I love my Mom very much. We’re very close and she’s my best girl friend. But when it comes to technology she is not adventurous at all. I definitely got that from Dad’s side. Everything she knows about working her home computer, she knows because I showed her exactly how to do it. If I didn’t click the button in my demo, she doesn’t click it either. She’ll call me and say “There’s a box on my screen that says I need to upgrade, it’s red with a blue border…what should I do?”
Suffice to say, remote control software so I can sit here 100 miles away and help her as if I was in the same room is an absolute must.
When Mom and I were both on Macs exclusively, we used Timbuktu Pro. Not cheap, but it was fast and got the job done. I know about things like VNC and Remote Desktop Connection, but we’re both behind routers and I didn’t want to have to talk her through setting it up on her end. It’s one thing to learn something on your own by doing, it’s another to try and talk someone through something over the phone that you don’t thoroughly understand yourself.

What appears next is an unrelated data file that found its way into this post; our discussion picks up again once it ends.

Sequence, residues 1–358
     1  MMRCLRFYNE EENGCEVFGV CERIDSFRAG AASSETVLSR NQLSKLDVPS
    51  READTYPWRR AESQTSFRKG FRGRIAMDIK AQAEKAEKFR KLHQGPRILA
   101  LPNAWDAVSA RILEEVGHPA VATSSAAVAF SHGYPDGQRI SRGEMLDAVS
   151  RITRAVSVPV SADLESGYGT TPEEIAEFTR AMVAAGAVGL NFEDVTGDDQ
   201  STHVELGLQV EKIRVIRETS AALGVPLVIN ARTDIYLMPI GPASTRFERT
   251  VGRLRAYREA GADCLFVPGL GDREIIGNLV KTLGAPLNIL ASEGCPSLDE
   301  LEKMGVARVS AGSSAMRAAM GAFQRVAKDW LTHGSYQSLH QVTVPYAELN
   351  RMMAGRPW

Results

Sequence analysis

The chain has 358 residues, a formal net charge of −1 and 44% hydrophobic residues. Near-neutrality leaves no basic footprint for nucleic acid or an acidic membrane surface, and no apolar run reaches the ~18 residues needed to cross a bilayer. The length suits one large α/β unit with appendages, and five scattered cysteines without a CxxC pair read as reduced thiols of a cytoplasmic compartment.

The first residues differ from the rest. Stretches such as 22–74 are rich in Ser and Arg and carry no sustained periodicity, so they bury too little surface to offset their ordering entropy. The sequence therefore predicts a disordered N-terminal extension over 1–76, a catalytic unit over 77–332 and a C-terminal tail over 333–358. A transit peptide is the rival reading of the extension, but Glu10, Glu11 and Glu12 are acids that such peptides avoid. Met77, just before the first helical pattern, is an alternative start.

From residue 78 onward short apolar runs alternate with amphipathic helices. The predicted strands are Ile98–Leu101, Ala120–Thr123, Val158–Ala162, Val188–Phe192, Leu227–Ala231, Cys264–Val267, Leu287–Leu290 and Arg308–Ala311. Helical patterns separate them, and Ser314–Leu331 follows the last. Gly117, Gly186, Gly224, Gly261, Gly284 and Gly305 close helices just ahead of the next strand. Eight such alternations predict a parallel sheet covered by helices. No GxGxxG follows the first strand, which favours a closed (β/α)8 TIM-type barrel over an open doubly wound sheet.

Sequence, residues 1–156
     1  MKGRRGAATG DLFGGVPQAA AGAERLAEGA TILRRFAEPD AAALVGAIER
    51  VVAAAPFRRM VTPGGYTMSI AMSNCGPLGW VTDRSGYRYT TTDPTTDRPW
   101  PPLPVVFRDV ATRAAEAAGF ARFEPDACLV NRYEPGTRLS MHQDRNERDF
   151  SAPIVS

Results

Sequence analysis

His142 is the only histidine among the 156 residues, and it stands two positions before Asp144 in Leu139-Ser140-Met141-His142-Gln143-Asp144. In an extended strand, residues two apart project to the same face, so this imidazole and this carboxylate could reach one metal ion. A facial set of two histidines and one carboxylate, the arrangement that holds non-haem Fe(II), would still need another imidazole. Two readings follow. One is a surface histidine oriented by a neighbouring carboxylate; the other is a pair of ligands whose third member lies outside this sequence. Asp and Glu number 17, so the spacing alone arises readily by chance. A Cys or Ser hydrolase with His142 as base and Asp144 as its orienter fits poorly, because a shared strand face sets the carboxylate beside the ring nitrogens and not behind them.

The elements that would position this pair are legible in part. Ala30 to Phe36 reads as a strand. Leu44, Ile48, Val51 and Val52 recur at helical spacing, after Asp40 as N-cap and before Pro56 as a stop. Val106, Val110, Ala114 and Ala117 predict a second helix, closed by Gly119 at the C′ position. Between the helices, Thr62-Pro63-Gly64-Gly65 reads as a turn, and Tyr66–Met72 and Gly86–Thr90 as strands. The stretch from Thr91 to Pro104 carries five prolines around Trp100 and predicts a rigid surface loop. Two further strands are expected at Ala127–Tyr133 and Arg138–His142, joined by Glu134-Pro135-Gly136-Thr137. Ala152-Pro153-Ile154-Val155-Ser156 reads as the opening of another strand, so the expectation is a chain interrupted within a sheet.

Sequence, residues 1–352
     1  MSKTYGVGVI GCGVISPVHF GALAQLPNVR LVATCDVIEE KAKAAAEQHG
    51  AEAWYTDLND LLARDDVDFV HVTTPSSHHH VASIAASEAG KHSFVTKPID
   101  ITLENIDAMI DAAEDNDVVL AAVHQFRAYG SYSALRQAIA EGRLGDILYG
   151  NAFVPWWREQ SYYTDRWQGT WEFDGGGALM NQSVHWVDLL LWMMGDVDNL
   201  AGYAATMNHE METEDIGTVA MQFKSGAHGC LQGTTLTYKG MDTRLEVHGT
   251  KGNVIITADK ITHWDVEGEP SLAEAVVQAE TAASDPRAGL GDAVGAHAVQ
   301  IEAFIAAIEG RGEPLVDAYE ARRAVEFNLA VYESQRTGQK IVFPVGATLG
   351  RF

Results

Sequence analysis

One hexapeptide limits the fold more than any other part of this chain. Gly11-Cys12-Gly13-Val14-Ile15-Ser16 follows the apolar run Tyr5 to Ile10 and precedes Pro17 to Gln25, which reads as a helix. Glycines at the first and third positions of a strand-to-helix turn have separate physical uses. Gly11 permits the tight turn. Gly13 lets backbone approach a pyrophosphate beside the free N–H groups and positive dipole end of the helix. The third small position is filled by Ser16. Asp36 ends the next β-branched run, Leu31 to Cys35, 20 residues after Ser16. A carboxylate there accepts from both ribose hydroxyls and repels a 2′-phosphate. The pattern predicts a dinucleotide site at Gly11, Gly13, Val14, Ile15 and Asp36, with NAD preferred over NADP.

When I upgraded my PC, Mom got my old one. She was getting tired of being told that she needed Internet Explorer 5.5 or better to run web applications she needed. At first we looked at the Windows versions of Timbuktu Pro and Symantec PCAnywhere but those packages are very expensive, require a bit of configuring to get working through firewalls, routers and dynamic IP addresses and for our purposes were way more trouble and expense than they’re worth.
Then we started looking at the products that work through a subscription service over https (good ole web connection). They’re all similar…you pay a monthly (or yearly) fee and the services serves as a sort of “middle man” between the two computers eliminating the need to futz with IP addresses and ports. The more you pay, the more options you may have available such as file transfers, remote printing and the like.
There are soooo many of these out there, all with varying prices and features. We tried the best-known ones, and this is what we thought: